December 2016 | firstname.lastname@example.org
Many moons ago, twelve to be exact, we started this tradition of hosting an annual Christmas Celebration in our home.
I can trace back the origin to two events. First, Philip and I were invited to a Soup and Sing. We brought the soup; the host provided a guitarist. It was so peaceful as we sat around their living in a small circle and sang Christmas carols. Around that time, I was still giving piano lessons. Incredulous to me, I was struck by how my students knew so few Christmas carols; after naming Jingle Bells, Rudolph, and Frosty – it was slim pickings.
Our Christmas Celebration starts with the big locust tree in the front yard. The night of the party, we fill the lower limbs with candlelit mason jars (real candles!) It’s breathtaking.
Singers from the local high school stand in the great room and great the guests as they arrive. The guests bring the food and we provide the beverages and the chocolate fountain for the kids.
I make a garnish bowl with herbs from my garden.
The kids make a sugar wafer tower for the chocolate fountain.
The guest list has changed a little through the years. Grandpa and Grandma are ready for any singing assignment.
Santa arrives at 7pm and is greeted by the strains of “You’d better watch out. You’d better not cry. Better not pout, I’m telling you why…”
Some years, Santa’s glasses fog up when he comes in from the cold. Luckily, he’s used to it – and, after all, it is Minnesota.
Young and old, nice and naughty – all get their time with Santa. Folks file through to get their picture taken with Santa by the tree. I have it on good authority that he may be part of a mannequin challenge this year.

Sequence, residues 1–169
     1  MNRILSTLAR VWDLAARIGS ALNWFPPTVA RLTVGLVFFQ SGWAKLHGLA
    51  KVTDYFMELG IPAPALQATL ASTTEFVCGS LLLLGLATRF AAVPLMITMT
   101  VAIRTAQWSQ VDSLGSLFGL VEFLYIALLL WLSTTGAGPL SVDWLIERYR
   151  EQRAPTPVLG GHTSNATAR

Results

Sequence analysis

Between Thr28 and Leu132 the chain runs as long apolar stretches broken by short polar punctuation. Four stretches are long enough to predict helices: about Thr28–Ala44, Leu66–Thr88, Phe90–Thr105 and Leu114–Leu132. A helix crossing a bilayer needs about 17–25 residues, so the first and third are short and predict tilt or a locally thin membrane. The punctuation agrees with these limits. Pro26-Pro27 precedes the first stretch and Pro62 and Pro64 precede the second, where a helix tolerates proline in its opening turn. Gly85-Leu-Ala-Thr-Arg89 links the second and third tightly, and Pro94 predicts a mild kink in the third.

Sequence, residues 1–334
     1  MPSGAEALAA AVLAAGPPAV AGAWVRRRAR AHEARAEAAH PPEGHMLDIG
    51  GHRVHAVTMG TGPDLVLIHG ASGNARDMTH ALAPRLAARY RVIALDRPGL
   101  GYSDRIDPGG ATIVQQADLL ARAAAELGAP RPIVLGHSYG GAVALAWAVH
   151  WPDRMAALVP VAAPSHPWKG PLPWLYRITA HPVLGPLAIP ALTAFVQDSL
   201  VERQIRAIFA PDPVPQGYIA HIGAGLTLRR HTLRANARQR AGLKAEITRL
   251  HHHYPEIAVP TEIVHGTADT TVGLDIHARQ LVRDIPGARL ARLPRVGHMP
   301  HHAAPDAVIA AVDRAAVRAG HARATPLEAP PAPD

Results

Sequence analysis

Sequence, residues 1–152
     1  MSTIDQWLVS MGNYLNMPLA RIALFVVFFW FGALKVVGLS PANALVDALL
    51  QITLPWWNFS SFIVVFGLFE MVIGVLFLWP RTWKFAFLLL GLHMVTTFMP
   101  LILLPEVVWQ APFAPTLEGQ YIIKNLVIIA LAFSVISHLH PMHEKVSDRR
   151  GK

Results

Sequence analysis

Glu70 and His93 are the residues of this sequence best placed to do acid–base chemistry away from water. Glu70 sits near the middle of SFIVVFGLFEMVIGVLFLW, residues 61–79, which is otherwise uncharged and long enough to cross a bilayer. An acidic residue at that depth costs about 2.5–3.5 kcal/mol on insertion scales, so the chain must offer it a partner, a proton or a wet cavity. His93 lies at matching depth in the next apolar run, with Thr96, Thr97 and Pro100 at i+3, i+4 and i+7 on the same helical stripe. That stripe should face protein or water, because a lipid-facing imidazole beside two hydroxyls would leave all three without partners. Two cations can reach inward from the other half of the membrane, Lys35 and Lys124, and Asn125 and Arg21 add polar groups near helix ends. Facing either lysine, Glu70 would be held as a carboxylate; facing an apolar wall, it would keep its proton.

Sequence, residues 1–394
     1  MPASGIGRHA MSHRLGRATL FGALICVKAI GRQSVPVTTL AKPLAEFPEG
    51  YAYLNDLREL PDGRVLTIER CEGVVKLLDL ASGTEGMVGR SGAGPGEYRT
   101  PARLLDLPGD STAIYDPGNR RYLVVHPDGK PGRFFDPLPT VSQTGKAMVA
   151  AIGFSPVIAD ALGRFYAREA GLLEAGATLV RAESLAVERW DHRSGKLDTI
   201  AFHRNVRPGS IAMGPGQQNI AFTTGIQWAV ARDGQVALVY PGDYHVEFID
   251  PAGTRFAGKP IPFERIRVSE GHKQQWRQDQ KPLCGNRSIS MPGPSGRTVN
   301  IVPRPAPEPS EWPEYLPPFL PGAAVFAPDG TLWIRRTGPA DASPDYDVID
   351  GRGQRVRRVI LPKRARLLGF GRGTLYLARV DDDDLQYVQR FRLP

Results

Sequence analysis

There are guest musicians playing the guitar in the basement.
All the kids know that extras of the best snacks are stashed upstairs in the kitchen.
Speaking of elves, this crew has been in charge of decoration and celebration for over five years. Nothing slips by them – and if it does, they catch it and wrap it.
This elf, in particular, wants things just a certain way – and I couldn’t agree more!
Before the caroling begins, Santa bids everyone a good night. Then it’s time to dim the lights. (It turns out that people sing better when the lights are lowered – so if you decide to sing, dim the lights first!)
We start with Auld Lang Syne and continue alphabetically through the set list until we end on We Wish You A Merry Christmas. That hour, with all of us singing together, is Christmas. to me.
It’s nostalgic, of course, but also hilarious. There’s a hundred foot jingle bell ribbon for everyone to shake during Jingle Bells. Everyone breaks into groups for the Twelve Days of Christmas. Last year, I added Sharon Jones, “Big Bulbs”. This year, we will sing it again and wish her Merry Christmas in heaven.
During our chat this past fall, author Anna Thomas asked, “What are we without our traditions?” The answer was in the question – we are without. Traditions bring honor and completeness. The countless little actions and tasks that are completed every December all lead up to that one hour of singing together. It is in that hour of singing that we attune to the entire point of our Christmas Celebration: togetherness.
Well, that’s the View From Up Here for December 2016.